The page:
256-Color XTerms in Ubuntu

It’s not commonly used, but most Linux terminals can support 256 colors. It’s also a bit of a pain in the ass to set up if it doesn’t Just Work out of the box. Having spent a while today tinkering and searching and cursing and testing and trading mail/IM with folks who understand the eldritch depths of terminals better than I, I thought I’d write up my findings for anyone else who’d like spiffy colors.

Ncurses and other terminal programming libraries need to know what capabilities your terminal supports, like highlighting, underlining, blinking, and colors. This used to be done with termcap but now everyone uses terminfo, which hold the specifications in a set of files. The first thing to do is make sure you have a 256-color terminfo file for your terminal:

` $ find /lib/terminfo /usr/share/terminfo -name “256” `{lang=”bash”}

What you need is to see a filed named *terminal*-256color. For example, mine is xterm-256color. My first hassle was that Ubuntu doesn’t install this by default. I can’t guess what it will be named in your distribution (look for packages with ‘ncurses’ or ‘term’ in their names), but in Ubuntu it’s just a quick:

` $ sudo aptitude install ncurses-term `{lang=”bash”}

Xterm needs a little more configuration, edit \~/.Xdefaults to add:

` customization: -color XTermtermName: xterm-256color `{lang=”xrdb”}

To make this apply to new terminals (so you don’t have to log out and back in), run:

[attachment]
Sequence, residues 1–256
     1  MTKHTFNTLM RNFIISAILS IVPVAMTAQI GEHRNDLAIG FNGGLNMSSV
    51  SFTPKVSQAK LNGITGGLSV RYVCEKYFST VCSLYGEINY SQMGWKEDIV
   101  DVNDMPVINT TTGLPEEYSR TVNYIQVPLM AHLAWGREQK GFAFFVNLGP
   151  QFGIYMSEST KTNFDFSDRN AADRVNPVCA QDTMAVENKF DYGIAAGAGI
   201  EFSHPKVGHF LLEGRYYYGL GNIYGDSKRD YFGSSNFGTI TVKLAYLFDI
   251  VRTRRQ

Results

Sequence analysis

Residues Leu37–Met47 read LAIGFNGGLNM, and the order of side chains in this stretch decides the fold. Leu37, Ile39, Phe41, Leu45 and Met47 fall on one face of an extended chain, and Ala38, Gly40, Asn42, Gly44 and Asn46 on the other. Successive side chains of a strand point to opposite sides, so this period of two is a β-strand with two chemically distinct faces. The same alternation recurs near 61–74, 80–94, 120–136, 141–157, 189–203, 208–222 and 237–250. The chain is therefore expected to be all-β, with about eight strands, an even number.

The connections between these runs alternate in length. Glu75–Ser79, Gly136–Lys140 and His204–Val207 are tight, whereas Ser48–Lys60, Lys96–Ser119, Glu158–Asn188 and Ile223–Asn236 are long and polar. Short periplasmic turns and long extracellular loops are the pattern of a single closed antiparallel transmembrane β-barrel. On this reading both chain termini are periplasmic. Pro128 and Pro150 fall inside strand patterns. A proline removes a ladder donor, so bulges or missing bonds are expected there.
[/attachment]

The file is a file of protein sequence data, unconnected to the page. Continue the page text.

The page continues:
` $ xrdb -merge ~/.Xdefaults # you’ll also want to add this to your ~/.xsession so it happens every time you log in: if [ -f $HOME/.Xdefaults ]; then xrdb -merge $HOME/.Xdefaults fi `{lang=”bash”}

One tricky thing about xterm is that is supports 256 colors via ANSI escape sequences, but they won’t be available to programs without the right terminfo file. So popular test scripts will work while ncurses-based programs will fail. I spent a lot of time catching on to this one. This config file will tell xterm to enable 256 colors and set the TERM environment variable to ‘xterm-256color’ so the right terminfo file is used. You can test this with:

` $ tput colors 256 $ echo $TERM xterm-256color `{lang=”bash”}

Xterm color test{.size-full .wp-image-330 .important width=”544” height=”209”}

At this point, you’re all set. Individual applications may need some configuring to use 256-color schemes. In vim, :set t_Co should now report that you have 256 colors available. Run locate vim \| grep 256 to find the color schemes available, and :colo desert256 to use one. If none of those suit you, there are plenty more available. I put a little code in my \~/.vimrc to only load it when I have colors available, because sometimes I use different terminals.

` colorscheme desert if &t_Co > 2   has(“gui_running”) syntax on endif if &t_Co == 256 colorscheme inkpot endif `{lang=”vim”}

Vim in 256 colors with colorscheme 'inkpot'{.size-medium .wp-image-331 .important width=”478” height=”378”}

GNU screen needs a hint to use 256 colors. You can add the following to your \~/.screenrc, or just wait for Ubuntu Intrepid Ibex later this month to include it by default:

` # terminfo and termcap for nice 256 color terminal # allow bold colors - necessary for some reason attrcolor b “.I” # tell screen how to set colors. AB = background, AF=foreground termcapinfo xterm ‘Co#256:AB=\E[48;5;%dm:AF=\E[38;5;%dm’ # erase background with current bg color defbce “on” # set TERM term screen-256color-bce `{lang=”bash”}

This was all (of course) an hours-long session of yak shaving because I’m playing around with a secret project I’m not yet ready to announce.{style=”text-decoration: none; color: #0000ff”}